She volunteered weekly at the AIDS charity "Angel Food Project," which delivers food for those in Los Angeles disabled by HIV or AIDS, at a time when the disease was greatly feared by the general public.

As she approached her thirties, Clarkson's career began to stall. No longer able to earn a living as an actress, Clarkson sought alternate routes of income, including operating her own website on which she sold autographed DVDs of her films and communicated directly with her fans on her own message board.

In 2001, while living on the canals in Venice, California for the last several years, Clarkson developed, wrote, produced, and directed a showcase reel entitled Lana Unleashed. To make ends meet, she took a side job in early January 2003 at one of LA's trendiest nightspots, House of Blues, in West Hollywood, California.

On February 3, 2003, Clarkson met music producer Phil Spector at the House of Blues in West Hollywood, where she worked that night as a hostess. After her shift ended, Lana was invited by Spector to go home with him for a drink. Soon after midnight they left House of Blues and headed north in his limo to his home in Alhambra, California.

In the early morning hours of February 3, 2003, Clarkson was found dead in a foyer of Spector's mansion "Pyrenees Castle" in Alhambra, California. The coroner's report stated that Clarkson died from a single gunshot to her mouth. According to affidavits, when the police responded to 911 call they were surprised to find it was the home of Mr. Spector, whom they found inside. Mr. Spector stated that Clarkson's death was an "accidental suicide", and claimed that Lana Clarkson kissed the gun and mistakenly shot herself. Before the 911 call was placed Spector confessed to his driver and butler Adriano DeSouza who was standing outside the house at the time of Clarkson's death that he just shot and killed someone by accident.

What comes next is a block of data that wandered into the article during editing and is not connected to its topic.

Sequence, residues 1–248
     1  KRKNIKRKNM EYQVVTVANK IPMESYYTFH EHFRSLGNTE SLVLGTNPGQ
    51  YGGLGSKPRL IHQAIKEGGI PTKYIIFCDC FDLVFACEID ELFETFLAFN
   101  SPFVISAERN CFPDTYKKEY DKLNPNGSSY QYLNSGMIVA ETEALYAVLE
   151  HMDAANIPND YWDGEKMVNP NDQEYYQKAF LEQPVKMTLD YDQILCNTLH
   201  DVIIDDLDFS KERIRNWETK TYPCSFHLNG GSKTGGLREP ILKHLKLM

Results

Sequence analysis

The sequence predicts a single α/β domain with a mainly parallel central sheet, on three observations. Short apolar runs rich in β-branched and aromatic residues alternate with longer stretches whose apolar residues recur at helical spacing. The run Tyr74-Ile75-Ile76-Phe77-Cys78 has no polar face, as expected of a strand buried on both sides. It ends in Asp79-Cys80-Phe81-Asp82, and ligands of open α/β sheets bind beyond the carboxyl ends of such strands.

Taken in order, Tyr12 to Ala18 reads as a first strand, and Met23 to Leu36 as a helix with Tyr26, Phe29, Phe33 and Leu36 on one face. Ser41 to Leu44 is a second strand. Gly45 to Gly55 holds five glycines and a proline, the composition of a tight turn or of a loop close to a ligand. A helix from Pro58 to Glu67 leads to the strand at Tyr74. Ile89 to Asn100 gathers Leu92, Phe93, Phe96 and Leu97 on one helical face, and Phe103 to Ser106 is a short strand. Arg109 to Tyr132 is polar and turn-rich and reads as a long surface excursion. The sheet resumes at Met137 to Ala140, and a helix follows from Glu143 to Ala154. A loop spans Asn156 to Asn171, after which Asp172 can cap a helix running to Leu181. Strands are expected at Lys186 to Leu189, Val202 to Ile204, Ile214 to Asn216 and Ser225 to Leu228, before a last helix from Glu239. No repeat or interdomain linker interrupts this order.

Spector was arrested on February 3, 2003 and remains free on bond of $1,000,000. On September 27, 2004, Spector was formally charged with Clarkson's murder. Spector denied the allegations, claiming Clarkson's death was an "accidental suicide". During the trial, deputy Los Angeles County medical examiner Dr. Luis Pena, who performed Clarkson's autopsy, testified that Clarkson's death was a homicide and that Clarkson died instantly from the shot fired to her mouth. On September 26, 2007, judge Larry Paul Fidler declared a mistrial because the jury split 10-2 with the majority favoring conviction and was unable to reach a verdict. The same day, the Los Angeles District Attorney's office announced its intention to re-try the case. The new jury selection in the retrial began in Clara Shortridge Foltz Criminal Justice Center in downtown Los Angeles, California on October 20, 2008.

Clarkson's private funeral service was held on Wednesday, February 19, 2003 in Los Angeles, California. Her remains had been cremated and interred at the Hollywood Forever Cemetery, in the Columbarium Rotunda attached to the Chapel in Hollywood, California.

On February 23, 2003 a crowd of 250 people, mostly Clarkson's family and friends, attended a memorial in her honor which was held at Henry Fonda Music Box Theatre in Hollywood, California.


Last Updated on Wednesday, 25 March 2009 13:59